Even if you don’t know “Für Elise,” you know “Für Elise.”
A bagatelle the length of a pop song, Beethoven’s trifle is recognizable from the start: a wobble between E and D sharp that gives way to a tune you’ve heard virtually everywhere. Ringing from cellphones and children’s toys; sampled in rap and featured on Baby Einstein albums; as likely to appear in a serious drama as in a Peanuts cartoon, “Für Elise” is shorthand for classical music itself. In “Bill & Ted’s Excellent Adventure,” it’s used to identify Beethoven without even saying his name.
But you probably haven’t heard “Für Elise” in a concert hall. More likely to inspire eye rolls than awe among the cognoscenti, it’s rarely programmed — unlike, say, Beethoven’s Fifth Symphony, with its famous dun-dun-dun-DUN fate motif, or his Ninth, which ends with the omnipresent “Ode to Joy.”
I’ve been thinking about the puzzling absence of “Für Elise” from professional recitals since I first met the pianist Igor Levit for a concert and interview we conducted over Facebook Live in 2017. He offered the piece as a surprise at the end of the broadcast, withholding the title but saying, “I will play one of the most beautiful pieces I know.”
Hearing the opening bars, I was caught so off guard I nearly laughed. “Für Elise” occasionally pops up in mainstream recordings; Paul Lewis released an aching account on an album of Beethoven bagatelles last summer. But it’s so rarely heard live — outside student concerts, at least — that for a moment I didn’t know how to respond.
Nearly four years later, and using the 250th anniversary of Beethoven’s birth a few weeks ago as an excuse, I asked Mr. Levit whether he could explain the beauty of “Für Elise” in more detail, and make a case for why it warrants deep attention rather than reflexive exasperation.
“It’s not a piece you actually hear,” he said in a video call from his home in Berlin. “It became in a way unperformable, which I think is a shame.”
Mr. Levit added that when he plays it as an encore, people tend to giggle or look visibly confused. Serious musicians aren’t expected to build their careers on this piece, and audiences don’t rush to concert halls for it.
The ubiquity of “Für Elise” — like Mozart’s “Eine Kleine Nachtmusik” — doesn’t void its masterly craft, nor does it preclude the possibility of performances on the level of Mr. Levit’s. Yet the eye rolls continue. In his biography “Beethoven: A Life,” which was recently translated into English, Jan Caeyers writes that the work “has assumed a significance in Beethoven’s oeuvre that is utterly disproportionate to its musical import.”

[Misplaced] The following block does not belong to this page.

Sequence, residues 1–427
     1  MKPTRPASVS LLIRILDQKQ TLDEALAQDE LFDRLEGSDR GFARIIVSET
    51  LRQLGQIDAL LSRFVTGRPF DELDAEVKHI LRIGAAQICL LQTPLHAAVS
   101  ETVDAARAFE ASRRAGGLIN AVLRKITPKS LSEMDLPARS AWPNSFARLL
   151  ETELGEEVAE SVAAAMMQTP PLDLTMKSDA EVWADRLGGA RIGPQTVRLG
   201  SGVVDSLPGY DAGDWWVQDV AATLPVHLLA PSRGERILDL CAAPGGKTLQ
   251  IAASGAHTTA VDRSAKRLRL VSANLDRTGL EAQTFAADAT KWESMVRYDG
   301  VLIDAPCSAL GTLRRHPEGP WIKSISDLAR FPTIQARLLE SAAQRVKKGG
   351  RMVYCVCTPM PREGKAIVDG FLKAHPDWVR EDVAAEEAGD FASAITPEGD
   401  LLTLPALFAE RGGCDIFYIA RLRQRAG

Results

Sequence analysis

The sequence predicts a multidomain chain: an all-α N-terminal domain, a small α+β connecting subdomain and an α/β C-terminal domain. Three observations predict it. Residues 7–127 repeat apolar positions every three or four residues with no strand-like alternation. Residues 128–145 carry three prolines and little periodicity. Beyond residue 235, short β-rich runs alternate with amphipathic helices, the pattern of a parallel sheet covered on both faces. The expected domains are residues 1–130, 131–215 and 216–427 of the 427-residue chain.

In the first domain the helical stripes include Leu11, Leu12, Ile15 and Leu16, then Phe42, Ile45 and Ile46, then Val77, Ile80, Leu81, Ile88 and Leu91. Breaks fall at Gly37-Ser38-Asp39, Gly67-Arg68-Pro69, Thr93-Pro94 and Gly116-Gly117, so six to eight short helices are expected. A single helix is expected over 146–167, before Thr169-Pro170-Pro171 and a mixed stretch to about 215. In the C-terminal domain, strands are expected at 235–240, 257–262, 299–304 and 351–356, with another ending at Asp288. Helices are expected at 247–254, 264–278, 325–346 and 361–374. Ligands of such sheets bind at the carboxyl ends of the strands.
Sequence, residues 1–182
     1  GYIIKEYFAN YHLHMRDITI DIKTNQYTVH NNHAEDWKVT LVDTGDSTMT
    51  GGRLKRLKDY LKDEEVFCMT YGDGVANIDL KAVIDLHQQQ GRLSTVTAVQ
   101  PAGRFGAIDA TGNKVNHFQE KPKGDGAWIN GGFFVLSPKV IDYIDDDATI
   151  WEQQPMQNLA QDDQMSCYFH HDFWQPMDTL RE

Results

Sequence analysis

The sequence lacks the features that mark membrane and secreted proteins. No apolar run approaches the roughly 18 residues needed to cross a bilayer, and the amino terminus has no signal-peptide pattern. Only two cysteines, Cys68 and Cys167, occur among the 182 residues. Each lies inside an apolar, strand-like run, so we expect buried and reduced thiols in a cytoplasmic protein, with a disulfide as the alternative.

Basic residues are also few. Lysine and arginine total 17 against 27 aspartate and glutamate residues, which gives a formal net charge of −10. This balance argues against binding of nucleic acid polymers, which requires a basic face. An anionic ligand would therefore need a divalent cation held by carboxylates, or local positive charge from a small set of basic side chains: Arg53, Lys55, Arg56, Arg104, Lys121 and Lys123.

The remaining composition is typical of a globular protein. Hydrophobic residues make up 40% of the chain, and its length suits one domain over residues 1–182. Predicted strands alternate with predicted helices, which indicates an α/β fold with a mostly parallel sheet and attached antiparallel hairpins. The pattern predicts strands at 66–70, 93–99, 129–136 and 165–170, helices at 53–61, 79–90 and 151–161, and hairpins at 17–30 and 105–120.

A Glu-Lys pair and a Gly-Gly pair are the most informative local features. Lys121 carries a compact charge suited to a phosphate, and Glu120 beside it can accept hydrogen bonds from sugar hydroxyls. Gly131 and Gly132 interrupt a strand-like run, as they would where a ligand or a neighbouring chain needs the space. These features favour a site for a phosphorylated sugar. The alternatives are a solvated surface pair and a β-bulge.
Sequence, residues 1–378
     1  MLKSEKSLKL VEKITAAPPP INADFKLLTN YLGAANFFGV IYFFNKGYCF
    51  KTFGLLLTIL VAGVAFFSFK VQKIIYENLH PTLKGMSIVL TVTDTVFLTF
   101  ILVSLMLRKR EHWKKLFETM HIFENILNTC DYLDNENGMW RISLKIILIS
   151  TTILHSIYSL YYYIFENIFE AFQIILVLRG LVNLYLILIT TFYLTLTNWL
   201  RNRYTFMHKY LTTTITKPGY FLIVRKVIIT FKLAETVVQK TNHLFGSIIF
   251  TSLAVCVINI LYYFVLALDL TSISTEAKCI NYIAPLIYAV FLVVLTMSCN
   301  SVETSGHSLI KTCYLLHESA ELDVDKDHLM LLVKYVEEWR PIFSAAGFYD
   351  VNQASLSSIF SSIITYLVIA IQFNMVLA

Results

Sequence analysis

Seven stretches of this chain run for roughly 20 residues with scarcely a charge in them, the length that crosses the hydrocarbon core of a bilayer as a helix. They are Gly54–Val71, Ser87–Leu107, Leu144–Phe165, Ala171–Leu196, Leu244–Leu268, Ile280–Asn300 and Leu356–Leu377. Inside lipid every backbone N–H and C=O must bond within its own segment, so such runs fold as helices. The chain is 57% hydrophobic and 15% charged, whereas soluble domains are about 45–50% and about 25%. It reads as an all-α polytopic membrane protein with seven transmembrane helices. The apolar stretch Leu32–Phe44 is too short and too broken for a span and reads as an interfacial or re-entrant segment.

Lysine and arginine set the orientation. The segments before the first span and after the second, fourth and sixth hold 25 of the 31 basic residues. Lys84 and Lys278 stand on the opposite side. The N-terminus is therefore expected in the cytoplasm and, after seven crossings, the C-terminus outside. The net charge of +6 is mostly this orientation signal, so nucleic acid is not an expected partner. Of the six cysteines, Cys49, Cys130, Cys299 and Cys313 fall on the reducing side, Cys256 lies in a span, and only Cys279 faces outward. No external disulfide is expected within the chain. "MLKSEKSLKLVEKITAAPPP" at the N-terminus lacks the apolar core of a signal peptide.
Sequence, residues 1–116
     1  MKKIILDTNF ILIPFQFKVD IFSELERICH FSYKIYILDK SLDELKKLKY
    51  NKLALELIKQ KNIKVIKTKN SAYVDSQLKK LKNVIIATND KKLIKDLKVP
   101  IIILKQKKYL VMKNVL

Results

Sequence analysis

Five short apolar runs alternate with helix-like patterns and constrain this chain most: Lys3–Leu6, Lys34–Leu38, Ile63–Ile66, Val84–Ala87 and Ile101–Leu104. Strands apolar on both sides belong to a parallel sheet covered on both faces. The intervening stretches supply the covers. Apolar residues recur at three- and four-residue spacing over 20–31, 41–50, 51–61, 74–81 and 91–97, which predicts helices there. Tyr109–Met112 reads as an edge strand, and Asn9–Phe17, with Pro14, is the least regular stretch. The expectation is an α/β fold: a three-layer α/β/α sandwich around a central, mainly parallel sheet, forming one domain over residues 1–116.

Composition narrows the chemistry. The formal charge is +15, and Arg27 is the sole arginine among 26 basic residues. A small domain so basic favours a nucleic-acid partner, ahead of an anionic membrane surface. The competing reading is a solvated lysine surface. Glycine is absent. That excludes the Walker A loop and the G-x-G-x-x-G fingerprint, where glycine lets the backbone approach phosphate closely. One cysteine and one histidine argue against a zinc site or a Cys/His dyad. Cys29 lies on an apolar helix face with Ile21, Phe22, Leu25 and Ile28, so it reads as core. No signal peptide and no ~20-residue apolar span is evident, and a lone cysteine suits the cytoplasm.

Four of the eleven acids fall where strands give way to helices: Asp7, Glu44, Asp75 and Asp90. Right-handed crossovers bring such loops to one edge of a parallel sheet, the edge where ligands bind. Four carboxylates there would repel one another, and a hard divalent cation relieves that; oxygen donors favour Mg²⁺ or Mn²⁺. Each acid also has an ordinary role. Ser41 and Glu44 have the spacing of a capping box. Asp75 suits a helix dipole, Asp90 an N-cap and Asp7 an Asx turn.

That may be true, but it’s a severe judgment nevertheless. For the outsize reputation, we can thank the catchy title, an abbreviation of the dedication: “For Elise on 27 April as a remembrance of L. v. Bthvn.” If the piece had come down in history merely as Bagatelle in A minor (WoO 59, from the “Werke ohne Opuszahl” catalog of Beethoven works without official opus numbers), it likely would have remained a lovely obscurity.
Beethoven drafted and dedicated it in 1810, though it remained unpublished in his lifetime. He is thought to have revisited it in the early 1820s, most likely with an eye toward including it in his Op. 119 Bagatelles, but he ultimately left it out. The scholar Ludwig Nohl eventually discovered and published it in the mid-1860s, igniting a debate over the identity of “Elise” that continues to this day.
Becoming a fixture of music lessons, spreading with the rise of mass media, finding new audiences as the line between high and low culture blurred: All led to the ultra-ubiquity of “Für Elise.” By the time I was a toddler, in the early 1990s, all I had to do was push a piano-shaped button on a toy to hear the opening theme. It was so entrenched in my memory that I could play it, crudely, before I could read a note of music.
Mr. Levit recalled similar experiences; he too learned “Für Elise” by ear. Then he became fascinated by, for example, a fleeting dissonance or a passage of enveloping tenderness. “This piece is an absolute jewel,” he said.
I asked him to expand on that, using his copy of the score from G. Henle Verlag. Mr. Levit has remained busy during the pandemic: He streamed a long series of daily concerts from his apartment, put on a marathon performance of Erik Satie’s “Vexations” and appeared around Europe. But like everyone, he has also been unusually homebound, lately baking challah and playing guitar. So he had time to dive deeply into the three pages of “Für Elise.” (All audio clips are excerpted from Mr. Levit’s Sony recording.)